Pavarotti, Ramey, Dessi, Coni,
Chorus and Orchestra of
La Scala, Milan / Riccardo Muti
(EMI 7 54867-2 - three CDs)
THIS live La Scala recording isn't economical with the actualite. You hear the fountain in the Queen's Garden, the flames at the auto-da-fe and the audience as they wait for the singing to start. Vocal tone acquires a hard edge in one or two places, and orchestral balance borders on the grotesque. But when the performance is as urgent and dramatically convincing as this, it's hard not to be indulgent.
No live opera performance is going to be ideally polished, but only once - in Carlos and Rodrigo's 'Dio, che nell'alma' duet - did untidiness spoil the effect, as Luciano Pavarotti and Paolo Coni have trouble getting it together, rhythmically speaking, at first. On the whole Coni is a disappointment - not as ardent or shapely as one might hope from a Rodrigo; but he isn't unsympathetic. Samuel Ramey's austere but all-too-human Philip II, Daniella Dessi's warm, expressively rounded Elizabeth and Alexander Anisimov's Grand Inquisitor (a Russian Inquistor - very Dostoyevskian) are all living, musically strong characterisations.
As for Pavarotti, his musical and tonal strengths are evident, and Carlos's constant close-to-the-edge intensity suits him very well. For me, the sound is Pavarotti first and Don Carlos - with a bit of effort - very much second. That won't worry the fans, and for admirers of Don Carlos the addition to the catalogue of a strong, convincing modern recording has to be a plus, even if it is the familiar, cut-down, four-act Italian version that's offered. Those who still find this fascinating, sometimes surprisingly forward-looking score hard to love might find it is a good place to start.
I WOULD have expected Muti to go the distance - meaning the full five-act version. The omission of the original first act seriously compromises the central motivation of the whole piece: the love between Carlos and Elizabeth. Major disappointment number one.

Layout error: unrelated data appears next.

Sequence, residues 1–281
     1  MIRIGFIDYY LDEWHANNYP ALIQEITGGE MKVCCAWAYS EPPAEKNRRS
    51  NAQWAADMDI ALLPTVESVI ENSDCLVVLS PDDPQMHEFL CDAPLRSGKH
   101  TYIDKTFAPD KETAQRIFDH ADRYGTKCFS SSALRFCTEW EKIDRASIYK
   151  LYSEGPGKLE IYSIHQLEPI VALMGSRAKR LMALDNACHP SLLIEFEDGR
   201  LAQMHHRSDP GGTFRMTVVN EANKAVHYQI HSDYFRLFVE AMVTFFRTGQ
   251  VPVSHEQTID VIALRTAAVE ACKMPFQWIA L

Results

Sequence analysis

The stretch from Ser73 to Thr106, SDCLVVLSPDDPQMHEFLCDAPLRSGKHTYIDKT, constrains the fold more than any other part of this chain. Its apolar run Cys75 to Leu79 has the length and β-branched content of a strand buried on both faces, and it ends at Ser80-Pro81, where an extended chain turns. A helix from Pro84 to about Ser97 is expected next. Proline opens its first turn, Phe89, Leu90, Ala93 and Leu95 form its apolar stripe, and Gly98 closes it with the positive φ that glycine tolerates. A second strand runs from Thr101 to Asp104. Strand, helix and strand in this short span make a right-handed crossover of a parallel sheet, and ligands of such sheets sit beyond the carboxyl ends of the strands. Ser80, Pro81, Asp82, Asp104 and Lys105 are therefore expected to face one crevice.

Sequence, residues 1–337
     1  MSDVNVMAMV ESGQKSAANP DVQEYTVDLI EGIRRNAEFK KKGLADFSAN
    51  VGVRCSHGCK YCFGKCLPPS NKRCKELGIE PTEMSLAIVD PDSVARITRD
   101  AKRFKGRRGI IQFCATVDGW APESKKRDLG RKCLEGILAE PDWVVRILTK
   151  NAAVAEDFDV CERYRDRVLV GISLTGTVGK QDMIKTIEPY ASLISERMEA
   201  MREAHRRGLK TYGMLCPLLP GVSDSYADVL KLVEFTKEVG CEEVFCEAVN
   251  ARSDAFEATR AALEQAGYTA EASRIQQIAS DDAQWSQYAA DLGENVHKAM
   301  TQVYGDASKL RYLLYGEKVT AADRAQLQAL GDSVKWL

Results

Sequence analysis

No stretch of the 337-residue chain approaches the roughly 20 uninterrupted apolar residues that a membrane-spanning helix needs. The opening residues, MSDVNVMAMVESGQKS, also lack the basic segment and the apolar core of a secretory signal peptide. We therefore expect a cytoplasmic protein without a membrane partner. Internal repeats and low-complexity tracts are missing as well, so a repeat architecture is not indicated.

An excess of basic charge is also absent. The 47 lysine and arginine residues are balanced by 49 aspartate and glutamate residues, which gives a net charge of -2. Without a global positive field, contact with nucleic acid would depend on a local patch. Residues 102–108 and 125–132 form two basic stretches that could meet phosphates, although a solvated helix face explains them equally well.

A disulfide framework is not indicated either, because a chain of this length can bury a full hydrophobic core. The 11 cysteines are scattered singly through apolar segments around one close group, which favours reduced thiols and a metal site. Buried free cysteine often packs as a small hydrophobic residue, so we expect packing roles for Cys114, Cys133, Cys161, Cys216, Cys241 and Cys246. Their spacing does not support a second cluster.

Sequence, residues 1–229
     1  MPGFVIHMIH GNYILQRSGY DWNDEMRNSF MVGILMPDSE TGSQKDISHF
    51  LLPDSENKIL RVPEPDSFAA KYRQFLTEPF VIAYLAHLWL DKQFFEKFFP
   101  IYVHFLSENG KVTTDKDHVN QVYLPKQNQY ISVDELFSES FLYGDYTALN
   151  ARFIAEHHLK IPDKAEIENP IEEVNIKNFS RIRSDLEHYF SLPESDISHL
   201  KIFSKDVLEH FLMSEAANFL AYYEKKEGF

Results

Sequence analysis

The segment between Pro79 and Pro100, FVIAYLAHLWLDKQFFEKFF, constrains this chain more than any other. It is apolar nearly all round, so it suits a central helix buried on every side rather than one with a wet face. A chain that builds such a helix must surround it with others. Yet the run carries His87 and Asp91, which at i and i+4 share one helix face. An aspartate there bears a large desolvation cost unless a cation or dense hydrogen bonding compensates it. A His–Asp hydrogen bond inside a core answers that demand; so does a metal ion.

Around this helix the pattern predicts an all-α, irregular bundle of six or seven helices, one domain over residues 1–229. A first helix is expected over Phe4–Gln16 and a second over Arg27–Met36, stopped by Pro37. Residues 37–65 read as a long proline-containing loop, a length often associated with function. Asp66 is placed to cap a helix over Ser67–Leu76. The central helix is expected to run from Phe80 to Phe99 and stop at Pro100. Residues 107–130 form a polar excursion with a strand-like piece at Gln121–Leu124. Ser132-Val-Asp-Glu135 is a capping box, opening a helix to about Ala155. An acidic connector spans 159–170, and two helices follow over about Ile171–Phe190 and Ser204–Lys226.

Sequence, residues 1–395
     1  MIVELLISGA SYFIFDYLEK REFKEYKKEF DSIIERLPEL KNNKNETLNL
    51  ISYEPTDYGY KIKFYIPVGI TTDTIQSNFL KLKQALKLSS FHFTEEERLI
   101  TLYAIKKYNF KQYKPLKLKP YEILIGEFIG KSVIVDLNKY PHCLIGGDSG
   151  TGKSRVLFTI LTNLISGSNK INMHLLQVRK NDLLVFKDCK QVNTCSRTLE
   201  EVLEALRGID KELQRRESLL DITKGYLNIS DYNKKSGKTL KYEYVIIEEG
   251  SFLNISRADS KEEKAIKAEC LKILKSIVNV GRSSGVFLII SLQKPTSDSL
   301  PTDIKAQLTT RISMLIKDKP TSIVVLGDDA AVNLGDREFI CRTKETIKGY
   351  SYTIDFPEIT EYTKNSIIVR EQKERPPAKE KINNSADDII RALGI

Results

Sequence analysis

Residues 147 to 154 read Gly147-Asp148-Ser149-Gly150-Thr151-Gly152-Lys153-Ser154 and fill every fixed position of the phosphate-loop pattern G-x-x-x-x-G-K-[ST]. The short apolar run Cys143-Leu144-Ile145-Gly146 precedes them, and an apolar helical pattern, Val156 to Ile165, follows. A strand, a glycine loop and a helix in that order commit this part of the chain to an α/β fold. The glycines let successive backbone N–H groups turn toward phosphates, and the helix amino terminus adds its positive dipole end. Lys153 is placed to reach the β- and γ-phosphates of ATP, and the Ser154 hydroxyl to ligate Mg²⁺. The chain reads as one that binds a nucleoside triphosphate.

Then there's La Scala itself: glamorous venue, unglamorous acoustic - parched, constrictive. EMI tells it like it is, and Verdi is diminished. More's the pity, for Muti keeps this magnificently brooding score simmering nicely: his grasp of the superstructure is sure, so too his forceful despatch of the dramatic flash-points. When Rodrigo confronts Philip, accusing him of offering only 'the peace of the tomb', the entire orchestra thunders in anticipation of a terrible retribution.
Alas, Muti's Rodrigo, Paolo Coni, is very ordinary indeed - a voice with possibilities but precious little more as yet. More is less with Luciana d'Intimo's Eboli, a cut above the traditional chest- belter so often assigned to the role. She genuinely rediscovers and subtly shades the prodigiously difficult 'O don fatale', and her liberating top, up to thrilling B flat, is fabulous.
Would that Samuel Ramey's Philip were somehow more than it is. His world-weariness, the burden of kingship, is implicit to a point in his searching Act 3 aria. But he lacks the natural authority and gravity of a Christoff or Raimondi. His big scene with the Inquisitor (Alexander Anisimov, whose timbre lends something truly sinister to the role) never quite comes over the footlights. And that feeling persists - until Act 4.
Suddenly, the performance finds itself. Muti unlocks the full intensity of the prelude and Dessi, who earlier made heavy weather of 'Non pianger, mia compagna', comes into her own with a touching account of Elizabeth's great aria. It isn't a special voice, but she sings with fierce conviction, and the Italianate plangency of her timbre has a pathos all its own.
And Pavarotti? Is Pavarotti. When he's on - and he is here - he's on. Never mind the width, feel the quality. Uneven, then, barring that terrific final scene. And I do want the extra act back.
Symphony No 4
East of England Orchestra /
(Collins 20082 - CD single)
THE OLDER of the composing Matthews brothers steers clear of modernism. You are more likely to hear echoes of Tippett, Britten, Shostakovich or even Hindemith than any of today's favourite betes noires. But there are no lazy attempts to court popularity, either.
I'm not sure I'm convinced by everything in his most recent symphony. The parody in the tango movement seems a little effortful in this version. And yet there is an urge to go back and explore, especially the fantastically inventive monody-like first movement, or the nocturnal Andante con moto for muted strings and horn - I would happily have had more of that. The performance sounds authoritative and the recorded sound is first- rate. SJ
DOESN'T every composer want to be Haydn for a day? David Matthews' orchestra is a remarkably good fit; he almost writes four movements, finally giving in to the addition of a distracted Tango replete with ironic, not to say sardonic, violin cadenza. That's a moment to remind us of Matthews' kinship (it's too well absorbed to be an influence) with Britten, Shostakovich, Mahler.
But the spirit of Haydn is alive and well in the gamesmanship, the inquisitive, unbridled nature of the symphony. Haydn might have smiled on its pithy orchestration, still more on its well- tempered unpredictability. The best of its surprises is a first movement whose sparse, seemingly aimless melodising suddenly finds fulfilment in a hothouse of harmony. ES